IRHA honored for work

Posted by: Washington Dec 25, 2019

Lately, you may have associated the Indiana Rural Health Association with bringing telehealth to students at some Daviess County schools and while that’s one of the non-profit’s priorities, it’s by far not its only one.

Don Kelso, executive director of the Indiana Rural Health Association or IRHA, said the non-profit is focused on advancing health care around the state and that can take on several forms.

“We want to help improve the health and wellbeing of Hoosiers,” said Kelso, who resides in Washington. “That can be through clinics, hospitals. There are several ways we can do that. We help providers be successful.”

Kelso said that means the IRHA is sometimes the collaborator, sometimes the connector and sometimes the facilitator.

“We may not always know the best way to help, but there’s a really good chance that we know someone who does,” he said, of the organization that started in 1997 by a group of concerned citizens and now employs 29 people.

IRHA has helped fight infant mortality by bringing perinatal navigators on board in several counties including Daviess and Greene, thanks to a $4.5 million grant that provides confidential screenings, treatments and education for expecting mothers, infants and their families.

“So far, we’ve been able to reach around 300 mothers and 100 fathers,” said Kelso.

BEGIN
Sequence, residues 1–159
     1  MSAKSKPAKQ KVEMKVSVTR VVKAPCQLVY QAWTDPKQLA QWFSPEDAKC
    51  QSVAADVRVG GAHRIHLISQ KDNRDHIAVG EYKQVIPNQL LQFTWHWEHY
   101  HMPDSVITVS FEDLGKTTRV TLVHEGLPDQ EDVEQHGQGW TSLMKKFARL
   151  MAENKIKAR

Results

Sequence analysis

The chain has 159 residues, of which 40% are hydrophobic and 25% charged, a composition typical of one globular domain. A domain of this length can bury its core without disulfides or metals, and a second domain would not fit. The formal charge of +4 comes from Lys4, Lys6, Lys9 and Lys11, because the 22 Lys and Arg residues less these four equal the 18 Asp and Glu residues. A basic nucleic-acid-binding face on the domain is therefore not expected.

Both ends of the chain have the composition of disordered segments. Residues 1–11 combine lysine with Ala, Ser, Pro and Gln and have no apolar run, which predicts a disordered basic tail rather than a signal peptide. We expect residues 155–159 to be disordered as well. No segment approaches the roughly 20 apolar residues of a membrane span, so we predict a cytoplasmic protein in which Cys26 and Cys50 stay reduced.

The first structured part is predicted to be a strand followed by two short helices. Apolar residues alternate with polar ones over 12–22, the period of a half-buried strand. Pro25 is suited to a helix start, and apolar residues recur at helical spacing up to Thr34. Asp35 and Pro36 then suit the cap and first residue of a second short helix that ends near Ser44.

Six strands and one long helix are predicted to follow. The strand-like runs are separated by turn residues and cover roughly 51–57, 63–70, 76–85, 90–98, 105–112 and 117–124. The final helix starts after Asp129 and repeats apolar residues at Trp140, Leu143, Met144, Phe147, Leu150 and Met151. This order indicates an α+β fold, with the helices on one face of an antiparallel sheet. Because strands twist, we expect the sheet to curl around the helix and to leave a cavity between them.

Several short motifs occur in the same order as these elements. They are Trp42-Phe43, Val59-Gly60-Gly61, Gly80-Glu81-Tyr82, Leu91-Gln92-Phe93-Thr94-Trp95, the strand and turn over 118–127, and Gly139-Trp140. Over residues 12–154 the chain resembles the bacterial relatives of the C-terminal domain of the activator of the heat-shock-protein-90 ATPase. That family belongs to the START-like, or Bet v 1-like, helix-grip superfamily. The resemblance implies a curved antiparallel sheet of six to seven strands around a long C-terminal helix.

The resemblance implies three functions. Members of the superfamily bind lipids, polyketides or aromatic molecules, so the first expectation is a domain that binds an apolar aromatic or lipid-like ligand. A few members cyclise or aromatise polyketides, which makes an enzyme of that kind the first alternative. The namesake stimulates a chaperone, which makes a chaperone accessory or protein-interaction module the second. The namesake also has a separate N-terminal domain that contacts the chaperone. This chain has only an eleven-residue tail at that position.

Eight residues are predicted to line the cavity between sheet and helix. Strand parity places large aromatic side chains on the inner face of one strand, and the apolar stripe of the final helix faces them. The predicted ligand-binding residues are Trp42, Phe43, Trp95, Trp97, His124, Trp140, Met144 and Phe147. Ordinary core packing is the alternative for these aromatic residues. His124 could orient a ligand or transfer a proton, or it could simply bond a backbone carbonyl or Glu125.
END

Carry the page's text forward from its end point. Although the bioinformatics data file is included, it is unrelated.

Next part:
The nonprofit also has its hand in helping with the opioid crisis especially in rural areas.

“This is an issue everywhere,” said Kelso. “It’s not just in cities or rural areas. Opioids are an issue across the state.”

That’s why IRHA launched the Indiana Rural Opioid Consortium in 2017. The consortium works with IRHA and professional partners as well as law enforcement to help identify opioid-use disorder, find treatment and recovery services.

IRHA has also worked to expand rural broadband and health care workforce development and serves as an advocate for policy and laws that help improve health care to all Hoosiers.

It’s that focus on improving the health of Hoosiers that scored the Indiana Rural Health Association some recognition from the National Organization of State Offices of Rural Health as a Community Star winner.

“Given their successful partnerships with state agencies, school systems, rural hospitals and clinics, and Indiana policy makers to reduce infant mortality, help fund and open rural school telehealth clinics and setting high standards to document, share and promote relevant healthcare experience, the Indiana Rural Health Association is certainly deserving of this national recognition,” said Joyce M. Fillenwarth, Indiana State Office of Rural Health manager.

Brock Slabach, senior vice president of the National Rural Health Association called IRHA a proven collaborator.

“IRHA is a proven collaborator in innovative approaches for helping to meet the needs of rural health providers, both in Indiana and nationally. IRHA is a proven champion of rural health and has become a successful role model for other state rural health agencies and associations — their recognition as a national Community Star by NOSORH is well-deserved,” he said.

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